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Things Without a Name Paperback – 25 November 2018
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- Publisher : Joanne Fedler Media (25 November 2018)
- Language : English
- Paperback : 404 pages
- ISBN-10 : 0648283860
- ISBN-13 : 978-0648283867
- Dimensions : 15.2 x 2.28 x 22.9 cm
- Best Sellers Rank: 867,893 in Books (See Top 100 in Books)
- Customer Reviews:
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This novel was gifted to me and I really didn’t know what to expect, but I ended up *inhaling* it in about two-days, and now I’m looking around for anything and everything else the author has written!
First of all: this is not an ‘easy’ novel. Protagonist Faith is a woman dramatically altered by two deaths that book-ended her childhood; that of her infant brother when she was three, and her chronically ill 17-year-old best friend. When we meet her, Faith is in her 30s and working as a legal counsellor at a women's rape and domestic abuse agency. And despite everything in her life pointing her to the contrary, Faith is still a woman who believes in love and the ability for one’s fortunes to change … which is exactly what happens when a strange sequence of events turns her world upside down.
Beyond seeing this as a ‘Women’s Fiction’ offering, I was really surprised at the heights and depths ‘Things Without a Name’ took me to. On the one hand it is a deeply moving and serious literary fiction novel, but on the other there is romance, a certain gossamer lightness, openness and hope that I think makes it a wonderful general-fiction offering.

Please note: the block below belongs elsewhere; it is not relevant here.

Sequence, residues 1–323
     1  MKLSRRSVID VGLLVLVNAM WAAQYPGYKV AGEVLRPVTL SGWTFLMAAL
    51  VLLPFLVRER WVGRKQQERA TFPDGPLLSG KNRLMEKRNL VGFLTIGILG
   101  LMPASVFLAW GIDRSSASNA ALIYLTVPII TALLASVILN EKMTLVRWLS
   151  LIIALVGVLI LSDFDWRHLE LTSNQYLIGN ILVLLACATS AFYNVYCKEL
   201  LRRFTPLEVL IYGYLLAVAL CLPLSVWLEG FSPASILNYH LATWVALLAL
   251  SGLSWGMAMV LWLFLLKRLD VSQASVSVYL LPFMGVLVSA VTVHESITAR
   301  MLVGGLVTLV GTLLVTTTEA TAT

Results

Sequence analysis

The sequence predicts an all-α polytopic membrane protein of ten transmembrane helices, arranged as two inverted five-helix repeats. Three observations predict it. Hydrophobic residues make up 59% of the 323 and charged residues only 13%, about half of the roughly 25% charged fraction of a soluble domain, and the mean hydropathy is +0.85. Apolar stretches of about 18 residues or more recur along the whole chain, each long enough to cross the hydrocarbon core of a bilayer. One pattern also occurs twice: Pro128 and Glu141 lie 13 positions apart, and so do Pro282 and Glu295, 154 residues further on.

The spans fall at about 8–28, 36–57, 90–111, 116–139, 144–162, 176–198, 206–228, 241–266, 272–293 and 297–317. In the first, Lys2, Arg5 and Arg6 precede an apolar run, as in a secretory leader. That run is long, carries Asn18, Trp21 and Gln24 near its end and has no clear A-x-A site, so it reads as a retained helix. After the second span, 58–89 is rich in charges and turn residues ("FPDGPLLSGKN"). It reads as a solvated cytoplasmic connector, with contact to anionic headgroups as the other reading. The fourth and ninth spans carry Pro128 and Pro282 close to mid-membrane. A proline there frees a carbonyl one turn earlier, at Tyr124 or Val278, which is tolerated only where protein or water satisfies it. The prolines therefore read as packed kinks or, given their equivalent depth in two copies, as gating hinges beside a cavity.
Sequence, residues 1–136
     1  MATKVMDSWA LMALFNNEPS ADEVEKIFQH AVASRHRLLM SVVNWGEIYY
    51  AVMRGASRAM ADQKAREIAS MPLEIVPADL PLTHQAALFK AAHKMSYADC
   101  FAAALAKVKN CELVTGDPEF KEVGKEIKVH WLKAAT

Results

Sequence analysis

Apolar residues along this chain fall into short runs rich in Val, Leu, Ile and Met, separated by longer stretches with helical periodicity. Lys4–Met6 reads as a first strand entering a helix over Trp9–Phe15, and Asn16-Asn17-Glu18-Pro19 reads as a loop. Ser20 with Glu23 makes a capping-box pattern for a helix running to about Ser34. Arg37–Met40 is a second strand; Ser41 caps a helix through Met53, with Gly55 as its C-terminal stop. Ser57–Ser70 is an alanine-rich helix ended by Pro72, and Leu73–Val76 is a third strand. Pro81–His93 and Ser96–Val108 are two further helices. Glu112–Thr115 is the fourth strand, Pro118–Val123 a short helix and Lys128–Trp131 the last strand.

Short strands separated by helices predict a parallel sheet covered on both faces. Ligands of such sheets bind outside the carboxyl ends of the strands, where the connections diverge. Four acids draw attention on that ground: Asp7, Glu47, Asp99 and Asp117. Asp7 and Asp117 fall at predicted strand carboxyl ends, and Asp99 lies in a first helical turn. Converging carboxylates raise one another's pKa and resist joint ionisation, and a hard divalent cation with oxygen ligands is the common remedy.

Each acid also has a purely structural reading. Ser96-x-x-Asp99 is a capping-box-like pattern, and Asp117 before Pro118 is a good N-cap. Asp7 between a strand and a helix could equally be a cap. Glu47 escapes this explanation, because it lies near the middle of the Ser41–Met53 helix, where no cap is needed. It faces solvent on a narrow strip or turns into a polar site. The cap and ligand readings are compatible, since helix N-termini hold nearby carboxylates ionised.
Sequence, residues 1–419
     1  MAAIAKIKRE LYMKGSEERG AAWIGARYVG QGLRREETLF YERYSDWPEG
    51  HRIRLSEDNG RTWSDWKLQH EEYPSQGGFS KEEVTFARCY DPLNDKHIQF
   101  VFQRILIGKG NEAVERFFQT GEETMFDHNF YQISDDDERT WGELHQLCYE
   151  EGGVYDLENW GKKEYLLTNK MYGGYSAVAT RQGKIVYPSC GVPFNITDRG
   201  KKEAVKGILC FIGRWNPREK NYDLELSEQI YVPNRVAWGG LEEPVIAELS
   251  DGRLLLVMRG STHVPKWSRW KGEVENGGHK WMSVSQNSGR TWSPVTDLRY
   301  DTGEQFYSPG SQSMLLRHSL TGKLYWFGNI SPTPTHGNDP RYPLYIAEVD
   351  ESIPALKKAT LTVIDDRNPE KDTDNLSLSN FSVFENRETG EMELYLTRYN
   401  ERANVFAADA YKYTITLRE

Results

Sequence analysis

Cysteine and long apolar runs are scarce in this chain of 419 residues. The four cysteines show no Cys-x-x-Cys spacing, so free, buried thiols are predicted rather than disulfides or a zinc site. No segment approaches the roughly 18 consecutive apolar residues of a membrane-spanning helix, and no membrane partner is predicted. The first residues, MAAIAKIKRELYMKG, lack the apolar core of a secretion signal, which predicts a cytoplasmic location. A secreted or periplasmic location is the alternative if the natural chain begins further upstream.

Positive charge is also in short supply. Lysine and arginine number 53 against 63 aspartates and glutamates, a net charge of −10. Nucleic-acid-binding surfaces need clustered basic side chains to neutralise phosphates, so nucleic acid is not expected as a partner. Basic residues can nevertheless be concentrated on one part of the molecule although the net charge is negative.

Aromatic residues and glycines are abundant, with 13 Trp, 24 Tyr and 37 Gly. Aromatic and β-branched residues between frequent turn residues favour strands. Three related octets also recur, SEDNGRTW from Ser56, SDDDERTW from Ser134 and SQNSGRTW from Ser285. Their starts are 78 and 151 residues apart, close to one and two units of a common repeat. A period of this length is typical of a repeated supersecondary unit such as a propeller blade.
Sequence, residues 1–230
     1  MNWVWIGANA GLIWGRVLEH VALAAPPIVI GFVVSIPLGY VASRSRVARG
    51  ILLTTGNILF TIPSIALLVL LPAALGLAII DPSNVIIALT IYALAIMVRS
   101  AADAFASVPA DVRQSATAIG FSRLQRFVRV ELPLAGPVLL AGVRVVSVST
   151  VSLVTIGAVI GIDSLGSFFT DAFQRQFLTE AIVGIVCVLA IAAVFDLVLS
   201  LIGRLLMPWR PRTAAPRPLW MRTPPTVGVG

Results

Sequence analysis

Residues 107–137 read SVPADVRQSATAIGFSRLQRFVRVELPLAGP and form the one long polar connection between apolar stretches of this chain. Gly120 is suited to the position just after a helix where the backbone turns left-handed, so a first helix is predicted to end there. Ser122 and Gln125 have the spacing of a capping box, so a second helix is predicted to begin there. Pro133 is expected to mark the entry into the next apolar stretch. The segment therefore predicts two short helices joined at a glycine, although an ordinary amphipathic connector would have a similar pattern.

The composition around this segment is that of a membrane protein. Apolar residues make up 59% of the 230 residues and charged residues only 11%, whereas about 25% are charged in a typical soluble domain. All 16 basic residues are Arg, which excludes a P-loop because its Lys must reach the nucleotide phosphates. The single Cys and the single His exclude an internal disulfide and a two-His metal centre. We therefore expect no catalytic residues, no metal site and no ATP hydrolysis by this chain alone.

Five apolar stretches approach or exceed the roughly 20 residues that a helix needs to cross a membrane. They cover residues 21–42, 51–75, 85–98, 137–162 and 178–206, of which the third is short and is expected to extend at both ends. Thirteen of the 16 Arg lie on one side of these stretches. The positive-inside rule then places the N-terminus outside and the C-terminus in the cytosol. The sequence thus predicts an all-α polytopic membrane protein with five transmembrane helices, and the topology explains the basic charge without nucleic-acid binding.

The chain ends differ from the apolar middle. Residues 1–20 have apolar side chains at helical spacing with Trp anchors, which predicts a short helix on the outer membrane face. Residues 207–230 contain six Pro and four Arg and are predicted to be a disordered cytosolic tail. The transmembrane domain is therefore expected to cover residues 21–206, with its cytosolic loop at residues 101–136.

For these reasons, I actually found Joanne Fedler to be reminiscent of Jodi Picoult for me – not necessarily in the voice and style of writing, but in the way they both take the personal and political to weave an incredible story. And the same way Picoult immerses herself in research for her books, I was impressed (but not in the least bit surprised) to learn of Fedler’s background as a volunteer legal counsellor at People Opposing Women Abuse (POWA) before setting up and running a legal advocacy centre to end violence against women. She was also appointed by the then Minister for Justice to sit on a project committee of the Law Commission to design new domestic violence legislation.
That this is Fedler’s life absolutely sings through the story – sometimes in sombre tones, and then occasionally with a piercingly lovely tune. There is a tenderness and rawness to this story that I so appreciated. And it makes the love within resonate that much louder and lovelier, because it’s hard-won for Faith and readers alike.
As if all of that wasn’t impressive enough – and the story so thoroughly captivating – I got another dose of tingles when I came to the book’s appendix and Fedler imprinted me with one more haunting message;
"When writing a book, an author has the freedom to choose any names for her characters. I have elected to use the names of people who have lost their lives to domestic violence or in the course of sexual assault. I came across these people’s stories in the press from various countries (including Australia, South Africa, India, Jamaica, Canada and the USA). Below are a few lines that describe the trauma and loss of each life, which nevertheless can never convey the dimen- sions and horrors of their suffering. I have, with respect to all those who have died, borrowed their names to tell this story."
And then she listed them, told their story - and absolutely wrecked me.
I’m going to pass this book around to friends and family, and hope they get the same jolt out of it that I did. A somewhat unassuming story – as some of the best ones are – that shook me and reassembled me in the best possible way. Magnificent.